(i) it is a way to end an extremely miserable and painful life. and insistence to postpone the death against patient’s wishes are against law, unwise, inhumane and not medically sound.

(ii) The family members of the dying patient are relieved of the physical, emotional, economical and mental stress upon them. It also provides comfort to the patient and causes relief of his pain.

(iii) The patients also have a right to refuse medical treatment. If a doctor treats a patient against his express wishes, he can be charged with assault.

(iv)Performance of euthanasia will free up the medical funds of the state to help other poor and needy people.

(v) An individual has the freedom to exercise his right to die. The constitution guarantees the fundamental rights and freedoms where a positive right includes a negative right. For instance, freedom of speech includes within it freedom not to speak, etc.

Further, arguments against legalizing euthanasia include:

(i) Indian society, driven by religion, will not accept the concept of euthanasia as the religious scriptures defy it.

(ii) Commercialization of euthanasia can take place.

(iii) The poor people could resort to this in order to avoid the pecuniary difficulties of medication.

(iv) Old and destitute are sometimes considered a burden and people can make use of this to shove off their responsibilities.

(v) Allowing euthanasia will devalue human dignity and will offend the principle of sanctity of life. It will leave sick, disabled people more vulnerable than the rest of the population and can also provide a ‘cloak for murder’.

Legal Status of  Right to die

In the words of Pipel and Amsel “Contemporary proponents of ‘rational suicide’ or the ‘right to die’ usually demand by ‘rationality’ that the decision to kill oneself be both the autonomous choice of the agent desired by liberals, and ‘a best option under the circumstances’ choice desired by the stoics or utilitarian, as well as other natural conditions such as the choice being stable, not an impulsive decision, not due to mental illness, achieved after due deliberation, etc.

The history of the legality of right to die in India starts from the case of State v. Sanjay Kumar Bhatia where the Delhi High Court criticized section 309 of IPC as an ‘anachronism and a paradox’ and then is followed by varied views of different High Courts on section 309 of IPC.

In the case of Naresh Marotrao Sakhre v. Union of India the court observed the difference between Euthanasia and suicide. It was discussed that Suicide was an act of self-destruction, to terminate one’s own life without the aid or assistance of any other human agency whereas euthanasia being different as it involves the intervention of a human agency to end one’s life. This mercy killing is from nowhere covered in section 309 of Indian Penal code which states that;

“Attempt to commit suicide.—Whoever attempts to commit suicide and does any act towards the commission of such offence, shall be punished with simple imprisonment for a term which may extend to one year [or with fine, or with both]”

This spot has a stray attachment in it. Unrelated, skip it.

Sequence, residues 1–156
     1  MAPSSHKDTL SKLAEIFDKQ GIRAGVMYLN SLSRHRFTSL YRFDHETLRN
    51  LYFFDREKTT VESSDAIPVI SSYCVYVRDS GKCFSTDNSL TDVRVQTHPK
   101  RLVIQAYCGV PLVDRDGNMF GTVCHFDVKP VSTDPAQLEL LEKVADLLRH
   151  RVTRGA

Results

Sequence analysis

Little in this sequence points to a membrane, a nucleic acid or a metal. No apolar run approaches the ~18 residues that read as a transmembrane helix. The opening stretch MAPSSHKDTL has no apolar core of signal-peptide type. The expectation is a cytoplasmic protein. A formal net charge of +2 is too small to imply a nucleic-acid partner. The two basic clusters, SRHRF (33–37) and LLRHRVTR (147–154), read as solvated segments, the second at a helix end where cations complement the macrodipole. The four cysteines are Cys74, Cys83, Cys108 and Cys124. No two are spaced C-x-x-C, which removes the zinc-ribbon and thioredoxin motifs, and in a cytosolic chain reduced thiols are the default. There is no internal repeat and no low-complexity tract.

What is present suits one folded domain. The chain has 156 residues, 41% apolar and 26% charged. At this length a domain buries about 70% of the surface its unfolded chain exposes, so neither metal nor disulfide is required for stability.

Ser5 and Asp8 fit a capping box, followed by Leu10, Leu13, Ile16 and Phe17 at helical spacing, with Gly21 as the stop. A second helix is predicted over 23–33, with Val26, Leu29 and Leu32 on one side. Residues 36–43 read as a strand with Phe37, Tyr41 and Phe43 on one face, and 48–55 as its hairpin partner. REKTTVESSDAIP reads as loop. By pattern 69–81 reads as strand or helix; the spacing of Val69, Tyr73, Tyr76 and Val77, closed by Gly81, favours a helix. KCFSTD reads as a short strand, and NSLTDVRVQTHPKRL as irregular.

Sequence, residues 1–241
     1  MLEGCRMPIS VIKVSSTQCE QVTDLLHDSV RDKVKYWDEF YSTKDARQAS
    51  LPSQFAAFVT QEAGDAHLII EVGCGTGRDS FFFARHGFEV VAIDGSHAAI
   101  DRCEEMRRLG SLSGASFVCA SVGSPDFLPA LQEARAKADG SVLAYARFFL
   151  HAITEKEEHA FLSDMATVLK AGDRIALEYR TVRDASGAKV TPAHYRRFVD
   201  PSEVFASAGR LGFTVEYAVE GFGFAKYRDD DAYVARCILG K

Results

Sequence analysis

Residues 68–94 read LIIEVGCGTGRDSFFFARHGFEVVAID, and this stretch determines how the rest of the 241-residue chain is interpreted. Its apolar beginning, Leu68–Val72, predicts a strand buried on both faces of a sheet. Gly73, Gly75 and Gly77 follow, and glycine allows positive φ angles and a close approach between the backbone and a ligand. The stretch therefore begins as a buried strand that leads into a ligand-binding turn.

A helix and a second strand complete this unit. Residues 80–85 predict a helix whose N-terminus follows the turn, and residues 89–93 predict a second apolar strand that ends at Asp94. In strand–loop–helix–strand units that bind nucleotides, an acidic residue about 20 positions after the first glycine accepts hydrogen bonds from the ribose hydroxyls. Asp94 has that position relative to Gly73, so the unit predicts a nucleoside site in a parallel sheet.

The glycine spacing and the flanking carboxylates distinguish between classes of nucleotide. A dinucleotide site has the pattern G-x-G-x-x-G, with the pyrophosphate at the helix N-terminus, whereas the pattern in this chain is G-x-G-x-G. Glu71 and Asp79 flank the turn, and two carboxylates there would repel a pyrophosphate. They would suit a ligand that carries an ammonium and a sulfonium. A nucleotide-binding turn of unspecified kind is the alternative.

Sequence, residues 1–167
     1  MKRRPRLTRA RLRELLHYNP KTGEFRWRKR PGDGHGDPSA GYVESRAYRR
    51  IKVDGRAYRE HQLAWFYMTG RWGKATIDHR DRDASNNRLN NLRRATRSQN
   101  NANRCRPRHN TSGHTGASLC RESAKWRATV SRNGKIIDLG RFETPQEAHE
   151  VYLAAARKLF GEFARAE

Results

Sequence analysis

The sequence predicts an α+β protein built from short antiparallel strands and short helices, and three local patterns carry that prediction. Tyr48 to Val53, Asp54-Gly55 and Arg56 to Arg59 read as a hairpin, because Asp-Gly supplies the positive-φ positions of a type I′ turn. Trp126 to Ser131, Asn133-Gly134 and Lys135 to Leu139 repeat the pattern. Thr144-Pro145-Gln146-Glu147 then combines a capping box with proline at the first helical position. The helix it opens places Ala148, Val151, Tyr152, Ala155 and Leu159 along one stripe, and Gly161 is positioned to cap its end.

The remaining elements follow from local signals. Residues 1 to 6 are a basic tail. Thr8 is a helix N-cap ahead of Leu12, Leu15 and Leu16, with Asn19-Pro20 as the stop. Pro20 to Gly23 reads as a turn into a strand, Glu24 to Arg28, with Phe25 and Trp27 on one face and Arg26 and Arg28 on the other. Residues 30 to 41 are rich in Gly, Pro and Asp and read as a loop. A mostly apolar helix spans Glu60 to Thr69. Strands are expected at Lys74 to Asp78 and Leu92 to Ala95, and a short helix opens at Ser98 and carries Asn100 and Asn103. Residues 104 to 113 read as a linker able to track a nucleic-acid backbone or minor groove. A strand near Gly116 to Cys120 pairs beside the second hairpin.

In P. Rathinam v. Union of India the court, giving relief to the misers attempting suicide, section 309 was held to be irrational and deserves to be effaced from the statute book to humanize our penal laws. It attempts in doubly punishing the man who is tremendous pain and would be undergoing ignominy because of failure to commit suicide.

Soon, this was also overruled in the case of Gian Kaur v. State of Punjab and it was held that right to life does not include right to die or the right to be killed. It was further held that right to life was a natural right embodied in Article 21, but suicide was unnatural termination or extinction of life and therefore, ‘incompatible and inconsistent’ with the concept of the right to life. The right to life includes right to live with human dignity would mean the existence of such a right up to the end of natural life. However, the court appears to approve passive euthanasia by holding that one may have the right to die with dignity as a part of the right to live with dignity.

Thus, any form involving unnatural termination of life has been held to be illegal until the case of Aruna Shanbaug and the recent case filed by the NGO common cause where the legality of the issue was re-discussed and on 9th March 2018 in the case of Common Cause (A Registered Society) v. Union of India a five-judge bench of the Supreme Court recognized and gave sanction to passive euthanasia and living will/ advance directive. The implication of this is that from now Right to Die with Dignity is a Fundamental Right. The judgment was delivered by a Bench comprising of Chief Justice of India Dipak Misra, Justice A.K. Sikri, Justice A.M. Khanwilkar, Justice D.Y. Chandrachud and Justice Ashok Bhushan. The matter was referred to it by a three-Judge bench, which held that the Constitution Bench in the case of Gian Kaur v. State of Punjab, had not ruled upon the validity of active or passive Euthanasia, even though the bench had ruled that Right to Live with Dignity under Article 21 of the Constitution of India was inclusive of the right to die with dignity.